The Mistake We All Make When Interpreting Other People’s Actions

Properly Interpreting People’s ActionsTell me if this sounds familiar.

You’re excited to see your guy. He walks in the door, gives you a quick peck on the cheek, and…

…hardly notices the fact that you’re absolutely beaming at the sight of him.

Immediately, you’re wondering what gives. Does he not like the new outfit? Geez, you were sure he’d be a fan. Or is he just being a jerk? I mean, how hard is it to give you an enthusiastic greeting?

But what if his lack of excitement has nothing to do with you?

I’m talking about a phenomenon called “Fundamental Attribution Error.” Fundamental Attribution Error is defined as our “tendency to give personality-based explanations for other peoples’ behavior more weight than situational factors.”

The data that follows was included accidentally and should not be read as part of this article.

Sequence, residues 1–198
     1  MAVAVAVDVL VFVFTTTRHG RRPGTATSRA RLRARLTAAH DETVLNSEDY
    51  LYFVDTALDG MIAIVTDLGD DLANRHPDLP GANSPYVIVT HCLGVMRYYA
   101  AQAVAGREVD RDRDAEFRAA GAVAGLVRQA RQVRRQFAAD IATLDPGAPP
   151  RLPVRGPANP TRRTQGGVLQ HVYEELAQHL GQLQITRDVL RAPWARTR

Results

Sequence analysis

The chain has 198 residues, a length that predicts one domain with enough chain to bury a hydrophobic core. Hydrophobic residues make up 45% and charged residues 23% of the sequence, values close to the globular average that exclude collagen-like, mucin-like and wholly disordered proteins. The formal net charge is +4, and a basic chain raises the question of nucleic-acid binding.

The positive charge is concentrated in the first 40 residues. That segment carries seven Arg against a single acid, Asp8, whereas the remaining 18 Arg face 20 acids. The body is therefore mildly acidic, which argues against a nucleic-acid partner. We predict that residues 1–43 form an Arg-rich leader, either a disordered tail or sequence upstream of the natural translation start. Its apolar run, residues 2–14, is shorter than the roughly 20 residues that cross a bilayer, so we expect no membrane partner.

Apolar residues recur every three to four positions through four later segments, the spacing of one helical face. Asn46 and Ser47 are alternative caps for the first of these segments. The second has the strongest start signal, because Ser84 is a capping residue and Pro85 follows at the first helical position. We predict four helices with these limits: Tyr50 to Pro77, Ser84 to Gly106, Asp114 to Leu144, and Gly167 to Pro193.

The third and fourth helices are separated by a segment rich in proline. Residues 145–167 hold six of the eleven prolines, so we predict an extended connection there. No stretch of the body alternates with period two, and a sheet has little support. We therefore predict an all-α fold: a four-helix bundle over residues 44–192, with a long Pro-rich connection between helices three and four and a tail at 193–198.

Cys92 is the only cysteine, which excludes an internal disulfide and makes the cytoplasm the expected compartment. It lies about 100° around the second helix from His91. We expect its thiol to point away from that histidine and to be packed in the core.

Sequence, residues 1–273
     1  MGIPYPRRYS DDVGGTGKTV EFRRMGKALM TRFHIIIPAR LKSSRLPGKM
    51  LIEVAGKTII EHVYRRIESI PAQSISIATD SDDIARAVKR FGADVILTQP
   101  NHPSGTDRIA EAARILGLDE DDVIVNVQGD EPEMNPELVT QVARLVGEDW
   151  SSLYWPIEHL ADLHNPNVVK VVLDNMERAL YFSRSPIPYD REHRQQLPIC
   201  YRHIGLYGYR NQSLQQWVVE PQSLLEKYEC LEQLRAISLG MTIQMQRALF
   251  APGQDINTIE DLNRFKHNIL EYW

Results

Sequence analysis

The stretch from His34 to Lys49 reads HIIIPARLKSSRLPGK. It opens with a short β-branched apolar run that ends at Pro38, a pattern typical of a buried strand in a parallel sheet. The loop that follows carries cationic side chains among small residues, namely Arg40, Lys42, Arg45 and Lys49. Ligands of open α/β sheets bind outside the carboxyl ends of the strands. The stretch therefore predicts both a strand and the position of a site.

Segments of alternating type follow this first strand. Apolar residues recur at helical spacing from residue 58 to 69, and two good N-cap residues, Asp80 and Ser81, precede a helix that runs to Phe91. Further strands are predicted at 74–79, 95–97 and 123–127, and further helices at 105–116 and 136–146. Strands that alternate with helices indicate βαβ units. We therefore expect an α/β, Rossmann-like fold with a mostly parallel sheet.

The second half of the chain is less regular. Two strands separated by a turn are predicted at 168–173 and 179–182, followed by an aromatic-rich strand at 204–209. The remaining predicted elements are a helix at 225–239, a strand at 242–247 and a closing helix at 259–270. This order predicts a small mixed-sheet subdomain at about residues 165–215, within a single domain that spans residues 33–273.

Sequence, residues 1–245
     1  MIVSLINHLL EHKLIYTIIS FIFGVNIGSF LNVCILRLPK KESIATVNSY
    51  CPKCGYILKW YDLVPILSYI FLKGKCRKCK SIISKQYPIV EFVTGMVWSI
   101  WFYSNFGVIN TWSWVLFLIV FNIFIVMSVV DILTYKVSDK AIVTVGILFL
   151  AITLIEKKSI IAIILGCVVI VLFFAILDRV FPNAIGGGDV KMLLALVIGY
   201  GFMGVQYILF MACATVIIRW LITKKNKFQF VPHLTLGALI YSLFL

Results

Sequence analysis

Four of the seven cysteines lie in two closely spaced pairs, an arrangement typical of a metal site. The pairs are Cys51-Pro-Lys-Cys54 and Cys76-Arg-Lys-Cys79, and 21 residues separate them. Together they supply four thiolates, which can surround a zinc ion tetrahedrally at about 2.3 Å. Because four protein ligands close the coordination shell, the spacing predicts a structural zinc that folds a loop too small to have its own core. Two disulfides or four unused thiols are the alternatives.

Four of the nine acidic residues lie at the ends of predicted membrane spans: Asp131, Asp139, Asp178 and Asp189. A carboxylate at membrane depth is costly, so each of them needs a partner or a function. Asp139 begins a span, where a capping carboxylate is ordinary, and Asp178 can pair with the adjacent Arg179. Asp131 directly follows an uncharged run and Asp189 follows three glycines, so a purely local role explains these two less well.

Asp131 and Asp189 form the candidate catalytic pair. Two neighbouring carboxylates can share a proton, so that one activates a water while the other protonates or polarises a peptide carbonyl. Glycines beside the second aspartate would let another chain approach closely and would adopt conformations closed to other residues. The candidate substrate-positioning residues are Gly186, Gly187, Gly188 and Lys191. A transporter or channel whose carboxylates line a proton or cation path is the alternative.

In other words, we tend to assume the way people treat us is a reflection of how they feel about us. But much of the time, that assumption is dead wrong.

In the example above, maybe your guy seems distracted because he’s distracted. After all, there’s a lot of other stuff going on in his life.

That doesn’t mean you’re not important to him. It just means you’re not always the center of his universe.

And even though that makes perfect sense, Fundamental Attribution Error is incredibly common. Practically everyone does it. Not only that, but it’s almost impossible to avoid.

So how do you deal with those moments when Fundamental Attribution Error kicks in?

You can outwit your own knee-jerk assumptions by doing just two things.

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